Warwickshire chairman Norman Gascoigne has outlined his full confidence that the club’s finances – and financial prospects – are sound despite the £20million debt incurred to build the new Pavilion End at Edgbaston.
The Bears opened their season at home to Somerset today in the shadow of the £32million structure which, after years as a ‘Master Plan’, finally came to fruition and opened in 2011.
The building is impressive. Opinions vary as to whether the redevelopment needed to be on quite such a grand (and expensive) scale but Birmingham City Council, whose £20million loan was essential to the project, would only get involved if the end-product was, as they put it, “iconic”.
Is it iconic? Not really. But impressive, yes, and, most importantly, full of function rooms and swanky facilities for players, officials and media which will, without question, help to ensure that Edgbaston retains its status as an international venue.
Never mind the double kick-in-the-teeth the ECB dished out to Warwickshire by not awarding them Test matches in 2013 and 2014; for the Bears’ security in medium and long terms, the crumbling old wreck of a pavilion, parts of which stretched back to Victorian times, had to go.
Finding repayments of £1m per year to the council for the foreseeable future in a recession will be a big ask, however.
Such a level of debt has destabilised many large sports clubs and toppled a few.
But Gascoigne, a former banker, while fully cognisant of the demands facing the Bears, is comfortable with their ability to meet them.
“We went into this plan knowing we would have the debt and nothing has changed,” he said.
“Nothing that has happened over the last two or three years that makes us question the business plan that we had in the first place and which a number of organisations, including the city council, said was fine.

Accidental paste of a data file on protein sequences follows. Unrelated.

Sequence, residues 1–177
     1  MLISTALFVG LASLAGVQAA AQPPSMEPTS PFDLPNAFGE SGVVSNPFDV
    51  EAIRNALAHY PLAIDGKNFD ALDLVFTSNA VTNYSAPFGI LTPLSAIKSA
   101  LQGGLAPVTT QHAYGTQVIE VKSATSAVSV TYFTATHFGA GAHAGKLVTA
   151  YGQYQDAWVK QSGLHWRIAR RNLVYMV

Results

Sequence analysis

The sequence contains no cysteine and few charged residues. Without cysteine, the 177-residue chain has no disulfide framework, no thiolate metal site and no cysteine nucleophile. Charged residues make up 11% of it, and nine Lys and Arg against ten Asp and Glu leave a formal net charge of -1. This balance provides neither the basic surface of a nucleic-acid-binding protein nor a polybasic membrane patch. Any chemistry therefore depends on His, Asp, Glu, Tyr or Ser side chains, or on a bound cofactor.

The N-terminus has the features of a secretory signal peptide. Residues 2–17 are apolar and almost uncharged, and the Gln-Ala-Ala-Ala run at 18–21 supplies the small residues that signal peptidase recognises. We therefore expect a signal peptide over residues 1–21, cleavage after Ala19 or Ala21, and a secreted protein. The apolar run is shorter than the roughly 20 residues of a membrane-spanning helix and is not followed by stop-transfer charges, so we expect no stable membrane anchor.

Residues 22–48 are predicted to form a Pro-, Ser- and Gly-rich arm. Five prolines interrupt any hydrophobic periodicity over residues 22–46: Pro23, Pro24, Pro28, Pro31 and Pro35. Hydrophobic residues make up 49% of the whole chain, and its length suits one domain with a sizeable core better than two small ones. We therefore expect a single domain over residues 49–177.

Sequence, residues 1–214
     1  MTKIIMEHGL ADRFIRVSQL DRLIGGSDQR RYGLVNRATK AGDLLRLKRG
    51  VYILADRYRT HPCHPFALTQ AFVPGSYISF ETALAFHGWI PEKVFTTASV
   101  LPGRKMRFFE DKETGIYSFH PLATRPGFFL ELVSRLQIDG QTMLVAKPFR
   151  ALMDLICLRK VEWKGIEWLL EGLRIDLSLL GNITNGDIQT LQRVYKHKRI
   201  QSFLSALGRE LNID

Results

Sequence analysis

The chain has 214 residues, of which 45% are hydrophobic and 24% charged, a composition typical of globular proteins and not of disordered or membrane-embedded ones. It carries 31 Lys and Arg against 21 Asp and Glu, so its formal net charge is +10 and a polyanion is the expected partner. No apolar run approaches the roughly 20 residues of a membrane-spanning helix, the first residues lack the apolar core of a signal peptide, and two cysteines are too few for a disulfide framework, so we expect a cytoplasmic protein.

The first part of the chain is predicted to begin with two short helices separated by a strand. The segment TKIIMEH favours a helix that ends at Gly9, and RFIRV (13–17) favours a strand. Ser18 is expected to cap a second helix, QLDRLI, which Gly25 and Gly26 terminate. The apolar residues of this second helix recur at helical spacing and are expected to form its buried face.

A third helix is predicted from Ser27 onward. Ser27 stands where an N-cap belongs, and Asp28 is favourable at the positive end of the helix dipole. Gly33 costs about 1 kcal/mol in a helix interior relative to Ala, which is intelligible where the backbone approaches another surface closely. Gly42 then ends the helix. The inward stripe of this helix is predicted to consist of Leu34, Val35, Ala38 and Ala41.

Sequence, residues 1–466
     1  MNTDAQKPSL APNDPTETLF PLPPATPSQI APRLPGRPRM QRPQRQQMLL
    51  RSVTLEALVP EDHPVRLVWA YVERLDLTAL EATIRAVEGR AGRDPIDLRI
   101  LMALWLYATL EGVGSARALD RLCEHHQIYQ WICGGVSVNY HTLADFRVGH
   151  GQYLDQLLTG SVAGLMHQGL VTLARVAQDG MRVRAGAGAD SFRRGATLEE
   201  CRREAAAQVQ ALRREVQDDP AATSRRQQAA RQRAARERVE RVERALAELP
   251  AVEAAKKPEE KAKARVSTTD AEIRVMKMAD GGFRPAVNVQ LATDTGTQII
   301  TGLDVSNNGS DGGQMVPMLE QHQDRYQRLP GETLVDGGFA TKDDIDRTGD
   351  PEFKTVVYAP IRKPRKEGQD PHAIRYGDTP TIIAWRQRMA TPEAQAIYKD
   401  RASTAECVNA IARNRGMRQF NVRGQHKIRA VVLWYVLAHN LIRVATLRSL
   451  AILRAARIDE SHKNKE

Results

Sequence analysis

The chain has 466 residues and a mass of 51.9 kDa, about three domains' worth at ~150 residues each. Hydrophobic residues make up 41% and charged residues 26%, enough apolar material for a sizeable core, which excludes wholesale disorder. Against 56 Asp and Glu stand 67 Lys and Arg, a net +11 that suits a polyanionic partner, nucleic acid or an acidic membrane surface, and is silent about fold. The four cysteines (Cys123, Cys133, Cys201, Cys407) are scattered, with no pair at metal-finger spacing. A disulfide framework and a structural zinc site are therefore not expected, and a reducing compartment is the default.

“And nothing has happened to make me waver in my confidence that we can handle it.
“We know we have to service the debt and we have parts of the business – conference and banqueting particularly – which are helping drive a business plan which was put together with the financial climate in mind. The conference and banqueting side is already exceeding our plans.
This year will see 60 per cent growth over last year. In the last six months we have done what we did in the previous 12 – and that despite the state of the economy.
“In the city council we have an excellent partner. We have a fixed interest rate so, if interest rates start to shoot up, that’s not going to bother us.
“I think we will be able to manage the debt comfortably and won’t ever need a terribly sympathetic ear but if the need did arise I would hope that ear would be sympathetic. But I must stress I am confident we won’t need it.
“There is synergy between us and the council in terms of us both portraying Birmingham and the West Midlands in the strongest light possible.
“We are benefiting from dragging people from London and the other bigger cities into Birmingham and that is what we have got to capture not just this year but in future years.